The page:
If would be amazing if we could find trees that only ever grow to the size of a bonsai, however, they need constant work for this. 

Bonsai trees are remarkably complex things to own and varying on the type can outlast most people, some of the most amazing things can be done to make a bonsai unlike anything else on earth.

To understand how to do this you need to learn about the basics of bonsai trees and what will 

Take care of roots

In a normal tree you may think about the roots that it has when you want to remove the tree, a root is breaking something, or a storm blew over a surprisingly large tree.

When it comes to bonsai trees this is entirely different, you need to give constant attention to the roots of the trees. Bonsai trees will do most of their growth under the soil, with their roots.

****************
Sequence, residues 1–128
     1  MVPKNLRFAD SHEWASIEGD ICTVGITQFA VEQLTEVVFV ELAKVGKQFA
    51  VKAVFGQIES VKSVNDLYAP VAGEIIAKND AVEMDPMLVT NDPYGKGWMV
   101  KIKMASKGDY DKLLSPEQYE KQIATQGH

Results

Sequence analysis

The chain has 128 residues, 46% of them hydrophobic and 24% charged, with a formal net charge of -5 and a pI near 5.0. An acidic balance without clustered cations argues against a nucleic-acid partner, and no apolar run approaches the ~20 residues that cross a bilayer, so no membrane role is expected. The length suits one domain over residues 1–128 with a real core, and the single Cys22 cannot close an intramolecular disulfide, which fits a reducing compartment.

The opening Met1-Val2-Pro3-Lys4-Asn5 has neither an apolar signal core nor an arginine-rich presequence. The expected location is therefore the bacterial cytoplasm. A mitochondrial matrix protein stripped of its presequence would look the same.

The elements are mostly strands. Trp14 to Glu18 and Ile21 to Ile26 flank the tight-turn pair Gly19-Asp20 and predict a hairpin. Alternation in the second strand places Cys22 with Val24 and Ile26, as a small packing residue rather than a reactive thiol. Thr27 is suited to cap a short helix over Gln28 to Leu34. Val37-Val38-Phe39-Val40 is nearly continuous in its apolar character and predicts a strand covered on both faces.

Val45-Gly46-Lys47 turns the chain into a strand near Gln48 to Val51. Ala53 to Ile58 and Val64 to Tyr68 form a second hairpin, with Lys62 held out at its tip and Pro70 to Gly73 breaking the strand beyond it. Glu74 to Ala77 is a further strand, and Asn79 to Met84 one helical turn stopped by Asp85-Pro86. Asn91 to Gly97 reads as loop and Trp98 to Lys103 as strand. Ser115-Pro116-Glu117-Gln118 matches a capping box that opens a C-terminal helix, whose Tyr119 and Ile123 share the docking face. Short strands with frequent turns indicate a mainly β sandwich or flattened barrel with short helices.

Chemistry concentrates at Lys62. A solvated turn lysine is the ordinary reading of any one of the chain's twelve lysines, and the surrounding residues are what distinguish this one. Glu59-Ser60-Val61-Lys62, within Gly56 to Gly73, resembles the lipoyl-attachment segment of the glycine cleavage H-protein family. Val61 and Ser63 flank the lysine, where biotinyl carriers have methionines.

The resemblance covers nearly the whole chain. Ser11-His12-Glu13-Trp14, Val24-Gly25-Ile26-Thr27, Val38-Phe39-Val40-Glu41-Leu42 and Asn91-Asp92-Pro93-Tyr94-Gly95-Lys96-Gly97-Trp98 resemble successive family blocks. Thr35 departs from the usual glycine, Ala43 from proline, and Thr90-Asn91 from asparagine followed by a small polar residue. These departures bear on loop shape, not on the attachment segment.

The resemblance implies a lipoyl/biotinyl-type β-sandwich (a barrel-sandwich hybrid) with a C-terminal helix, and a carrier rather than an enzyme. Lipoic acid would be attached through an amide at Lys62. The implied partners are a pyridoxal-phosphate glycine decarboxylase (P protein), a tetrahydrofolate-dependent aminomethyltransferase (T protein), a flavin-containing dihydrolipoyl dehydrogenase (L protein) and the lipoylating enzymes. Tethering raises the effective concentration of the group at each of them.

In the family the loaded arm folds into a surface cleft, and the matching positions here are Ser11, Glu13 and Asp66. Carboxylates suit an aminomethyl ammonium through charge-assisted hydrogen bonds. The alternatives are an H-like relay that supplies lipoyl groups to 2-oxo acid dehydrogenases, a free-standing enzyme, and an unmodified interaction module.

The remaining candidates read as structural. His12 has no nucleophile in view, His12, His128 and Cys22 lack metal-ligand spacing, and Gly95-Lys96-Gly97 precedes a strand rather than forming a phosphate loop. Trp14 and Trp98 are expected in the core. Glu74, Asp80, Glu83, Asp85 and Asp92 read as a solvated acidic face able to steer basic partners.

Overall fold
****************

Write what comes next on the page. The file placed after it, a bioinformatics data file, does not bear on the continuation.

You will need to see how the roots are growing at least once every two years, usually significantly trimming them to ensure there is more space to grow.

After three to four years of your bonsai growing in the same pot, it will no longer be able to grow anymore, this is when you need to remove the bonsai, trim the roots, and then plant it into a larger pot.

Roots are usually the first reason a bonsai dies because people remember to take care of the top but forget about life underground. 

Trim the branches

The branches of any bonsai tree will constantly be trying to grow and become a full tree, which is where almost all the work for you will start.

Most beginner bonsai trees will want to grow the whole year, which creates work for you as the owner to constantly be working to remove or trim them.

This can easily become the reason that a bonsai has to either be radically trimmed or planted in a full garden as the branches can grow out of control.